This post was published at jsnip4
This post was published at jsnip4
The growth of US military power has rarely, if ever, been the result of legitimate concerns about defensive strategy, let alone about the national welfare. Instead, it’s more often a consequence of a waste, corruption, and imperial ambition that together have produced the modern military-industrial complex. This history receives some well-deserved attention in Paul Pedisich’s book Congress Buys a Navy: Politics, Economics, and the Rise of American Naval Power, 1881-1921, which offers an in-depth look at the history of Congressional involvement with the US Navy. I’ve written a more general review of the book for those interested (here), but in this post I want to focus on some of the economic implications of US naval history over these four decades.
The main emphasis of the book is on a series of Congressional battles over appropriations for the Navy, and how these disputes influenced its growth and change. This process, Pedisich argues, was not driven by strategic questions of national security, but by a wide range of political interests. Pedisich provides a wealth of information about Congressional voting blocs and committees, as well and the personal and professional ties between politicians, the Navy, and the war industries. These consisted most often of conventional rent-seeking: members of Congress wanted appropriations channelled to their own constituencies, and the Navy’s budget provided an excellent opportunity for those states that stood to gain from the Congressional spoils system (pp. 28-29, and throughout).
This post was published at Ludwig von Mises Institute on Jan 23, 2017.
Inequality vs Inequality
There is inequality and inequality.
The first is the inequality people tolerate, such as one’s understanding compared to that of people deemed heroes, say Einstein, Michelangelo, or the recluse mathematician Grisha Perelman, in comparison to whom one has no difficulty acknowledging a large surplus. This applies to entrepreneurs, artists, soldiers, heroes, the singer Bob Dylan, Socrates, the current local celebrity chef, some Roman Emperor of good repute, say Marcus Aurelius; in short those for whom one can naturally be a ‘fan’. You may like to imitate them, you may aspire to be like them; but you don’t resent them.
The second is the inequality people find intolerable because the subject appears to be just a person like you, except that he has been playing the system, and getting himself into rent seeking, acquiring privileges that are not warranted -and although he has something you would not mind having (which may include his Russian girlfriend), he is exactly the type of whom you cannot possibly become a fan. The latter category includes bankers, bureaucrats who get rich, former senators shilling for the evil firm Monsanto, clean-shaven chief executives who wear ties, and talking heads on television making outsized bonuses. You don’t just envy them; you take umbrage at their fame, and the sight of their expensive or even semi-expensive car trigger some feeling of bitterness. They make you feel smaller.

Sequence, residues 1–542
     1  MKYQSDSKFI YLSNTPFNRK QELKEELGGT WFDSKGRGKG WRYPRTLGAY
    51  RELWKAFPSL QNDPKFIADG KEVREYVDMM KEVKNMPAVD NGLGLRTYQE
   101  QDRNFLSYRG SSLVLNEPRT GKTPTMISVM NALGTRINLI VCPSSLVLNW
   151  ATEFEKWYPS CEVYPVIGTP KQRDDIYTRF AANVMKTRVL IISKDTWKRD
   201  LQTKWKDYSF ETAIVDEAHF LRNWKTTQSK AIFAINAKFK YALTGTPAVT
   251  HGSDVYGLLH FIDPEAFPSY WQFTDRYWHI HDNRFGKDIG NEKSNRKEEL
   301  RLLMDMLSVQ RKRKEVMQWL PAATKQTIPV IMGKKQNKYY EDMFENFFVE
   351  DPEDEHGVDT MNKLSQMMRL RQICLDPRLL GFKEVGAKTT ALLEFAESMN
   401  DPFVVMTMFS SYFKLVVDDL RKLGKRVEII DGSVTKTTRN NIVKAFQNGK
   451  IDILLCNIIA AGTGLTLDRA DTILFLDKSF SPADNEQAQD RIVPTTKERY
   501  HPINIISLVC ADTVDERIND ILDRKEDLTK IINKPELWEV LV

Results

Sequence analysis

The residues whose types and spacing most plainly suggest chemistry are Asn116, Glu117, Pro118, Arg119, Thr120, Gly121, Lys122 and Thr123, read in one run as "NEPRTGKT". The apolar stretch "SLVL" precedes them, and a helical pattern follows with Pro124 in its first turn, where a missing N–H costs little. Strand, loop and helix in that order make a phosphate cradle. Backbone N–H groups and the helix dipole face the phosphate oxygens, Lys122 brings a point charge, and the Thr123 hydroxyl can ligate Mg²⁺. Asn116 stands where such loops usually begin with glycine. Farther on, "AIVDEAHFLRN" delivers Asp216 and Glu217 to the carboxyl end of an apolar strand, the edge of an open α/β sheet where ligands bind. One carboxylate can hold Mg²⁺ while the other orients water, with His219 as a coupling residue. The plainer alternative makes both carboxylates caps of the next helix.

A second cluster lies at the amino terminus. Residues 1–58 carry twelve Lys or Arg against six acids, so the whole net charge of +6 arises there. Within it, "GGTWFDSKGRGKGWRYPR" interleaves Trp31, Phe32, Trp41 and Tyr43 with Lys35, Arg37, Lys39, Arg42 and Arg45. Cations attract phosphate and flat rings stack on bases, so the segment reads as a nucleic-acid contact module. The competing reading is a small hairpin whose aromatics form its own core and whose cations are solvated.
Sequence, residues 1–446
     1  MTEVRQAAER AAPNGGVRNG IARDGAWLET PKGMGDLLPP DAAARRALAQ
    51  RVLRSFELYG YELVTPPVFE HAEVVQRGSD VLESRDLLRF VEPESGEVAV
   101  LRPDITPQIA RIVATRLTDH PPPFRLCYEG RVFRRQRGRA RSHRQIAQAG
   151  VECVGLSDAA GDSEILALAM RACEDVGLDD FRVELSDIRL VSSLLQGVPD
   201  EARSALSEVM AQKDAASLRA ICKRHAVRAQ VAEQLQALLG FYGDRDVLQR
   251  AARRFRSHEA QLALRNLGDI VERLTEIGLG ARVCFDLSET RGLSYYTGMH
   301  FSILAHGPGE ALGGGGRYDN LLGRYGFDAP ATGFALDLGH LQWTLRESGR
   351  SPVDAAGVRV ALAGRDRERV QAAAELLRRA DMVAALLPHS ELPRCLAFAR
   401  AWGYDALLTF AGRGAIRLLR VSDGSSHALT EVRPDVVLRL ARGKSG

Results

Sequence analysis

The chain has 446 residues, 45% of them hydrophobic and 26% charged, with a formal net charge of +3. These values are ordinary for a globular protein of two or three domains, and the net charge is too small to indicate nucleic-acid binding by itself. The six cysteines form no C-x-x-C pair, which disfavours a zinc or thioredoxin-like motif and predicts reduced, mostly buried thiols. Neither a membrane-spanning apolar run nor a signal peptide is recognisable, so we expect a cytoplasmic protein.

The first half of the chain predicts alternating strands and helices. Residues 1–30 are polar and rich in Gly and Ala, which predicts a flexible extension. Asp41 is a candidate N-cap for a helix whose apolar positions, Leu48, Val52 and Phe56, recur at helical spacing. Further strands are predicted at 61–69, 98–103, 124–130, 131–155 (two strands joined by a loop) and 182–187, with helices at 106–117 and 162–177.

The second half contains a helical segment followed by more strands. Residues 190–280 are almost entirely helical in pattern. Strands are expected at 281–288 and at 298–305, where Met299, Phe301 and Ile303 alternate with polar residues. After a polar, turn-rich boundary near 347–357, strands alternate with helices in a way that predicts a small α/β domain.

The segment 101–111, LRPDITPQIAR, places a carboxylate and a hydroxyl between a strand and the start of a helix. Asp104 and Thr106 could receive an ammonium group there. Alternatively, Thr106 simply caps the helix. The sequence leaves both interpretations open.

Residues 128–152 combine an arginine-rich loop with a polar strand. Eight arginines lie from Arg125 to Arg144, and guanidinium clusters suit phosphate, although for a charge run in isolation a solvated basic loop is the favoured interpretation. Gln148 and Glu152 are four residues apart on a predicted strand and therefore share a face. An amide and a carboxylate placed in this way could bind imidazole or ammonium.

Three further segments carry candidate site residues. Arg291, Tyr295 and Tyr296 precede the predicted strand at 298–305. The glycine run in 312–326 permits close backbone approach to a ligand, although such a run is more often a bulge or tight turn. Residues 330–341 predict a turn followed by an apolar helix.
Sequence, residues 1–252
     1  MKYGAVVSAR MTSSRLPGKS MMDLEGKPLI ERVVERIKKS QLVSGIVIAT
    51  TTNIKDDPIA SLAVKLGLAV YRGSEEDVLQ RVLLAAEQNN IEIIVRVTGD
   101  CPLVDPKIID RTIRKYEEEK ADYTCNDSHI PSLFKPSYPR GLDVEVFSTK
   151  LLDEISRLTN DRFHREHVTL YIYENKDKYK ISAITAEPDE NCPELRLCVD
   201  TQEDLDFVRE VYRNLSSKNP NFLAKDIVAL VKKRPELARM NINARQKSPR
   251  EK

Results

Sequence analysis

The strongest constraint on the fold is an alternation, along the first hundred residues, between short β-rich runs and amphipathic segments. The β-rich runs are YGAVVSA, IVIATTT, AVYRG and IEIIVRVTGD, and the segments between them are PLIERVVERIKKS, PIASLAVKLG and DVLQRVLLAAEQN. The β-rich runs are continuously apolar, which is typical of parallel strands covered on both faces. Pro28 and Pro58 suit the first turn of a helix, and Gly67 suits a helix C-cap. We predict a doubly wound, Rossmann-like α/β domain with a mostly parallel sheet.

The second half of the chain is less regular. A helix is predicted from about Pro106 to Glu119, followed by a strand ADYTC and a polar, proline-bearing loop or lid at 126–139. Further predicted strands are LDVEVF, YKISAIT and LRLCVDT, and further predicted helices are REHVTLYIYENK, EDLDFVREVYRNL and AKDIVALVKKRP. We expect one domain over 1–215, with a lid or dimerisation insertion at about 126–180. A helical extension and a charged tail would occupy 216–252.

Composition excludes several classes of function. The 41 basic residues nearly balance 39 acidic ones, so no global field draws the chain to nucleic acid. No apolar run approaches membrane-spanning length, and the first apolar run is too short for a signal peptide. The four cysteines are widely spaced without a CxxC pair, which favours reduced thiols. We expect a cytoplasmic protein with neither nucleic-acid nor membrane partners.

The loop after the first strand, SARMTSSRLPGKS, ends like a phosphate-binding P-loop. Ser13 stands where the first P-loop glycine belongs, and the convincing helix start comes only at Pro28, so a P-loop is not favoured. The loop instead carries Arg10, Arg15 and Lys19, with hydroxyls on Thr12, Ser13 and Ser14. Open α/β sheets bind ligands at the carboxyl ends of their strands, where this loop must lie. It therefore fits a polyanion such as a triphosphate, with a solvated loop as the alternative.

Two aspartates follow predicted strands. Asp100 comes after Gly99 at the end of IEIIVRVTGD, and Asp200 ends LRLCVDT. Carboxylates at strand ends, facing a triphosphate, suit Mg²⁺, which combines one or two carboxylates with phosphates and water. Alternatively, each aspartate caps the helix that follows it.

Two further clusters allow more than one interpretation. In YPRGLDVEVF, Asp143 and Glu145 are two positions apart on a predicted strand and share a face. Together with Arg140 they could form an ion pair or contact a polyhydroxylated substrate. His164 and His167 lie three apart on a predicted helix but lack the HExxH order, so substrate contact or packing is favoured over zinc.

There may be something dissonant in the spectacle of a rich slave.
The author Joan Williams, in an insightful article, explains that the working class is impressed by the rich, as role models. Michle Lamont, the author of The Dignity of Working Men, whom she cites, did a systematic interview of blue collar Americans and found present a resentment of professionals but, unexpectedly, not of the rich.
It is safe to accept that the American public -actually all public -despise people who make a lot of money on a salary, or, rather, salarymen who make a lot of money. This is indeed generalized to other countries: a few years ago the Swiss, of all people almost voted a law capping salaries of managers . But the same Swiss hold rich entrepreneurs, and people who have derived their celebrity by other means, in some respect.
This post was published at Zero Hedge on Dec 28, 2016.
Why are so many men in their prime working years unemployed? The Obama administration would have us believe that unemployment is low in this country, but that is not true at all. In fact, one author quoted by NPR says that ‘it’s kind of worse than it was in the depression in 1940′. Most Americans don’t realize this, but more men from ages 25 to 54 are ‘inactive’ right now than was the case during the last recession. We have millions upon millions of strong young men just sitting around doing nothing. They aren’t employed and they aren’t considered to be looking for employment either, and so they don’t show up in the official unemployment numbers. But they don’t have jobs, and nothing the Obama administration does can eliminate that fact.
According to NPR, ‘nearly 100 percent of men between the ages of 25 and 54 worked’ in the 1960s.
In those days, just about any dependable, hard working American man could get hired almost immediately. The economy was growing and the demand for labor was seemingly insatiable.
But today, one out of every six men in their prime working years does not have a job…
In a recent report, President Obama’s Council of Economic Advisers said 83 percent of men in the prime working ages of 25-54 who were not in the labor force had not worked in the previous year. So, essentially, 10 million men are missing from the workforce.
‘One in six prime-age guys has no job; it’s kind of worse than it was in the depression in 1940,’ says Nicholas Eberstadt, an economic and demographic researcher at American Enterprise Institute who wrote the book Men Without Work: America’s Invisible Crisis. He says these men aren’t even counted among the jobless, because they aren’t seeking work.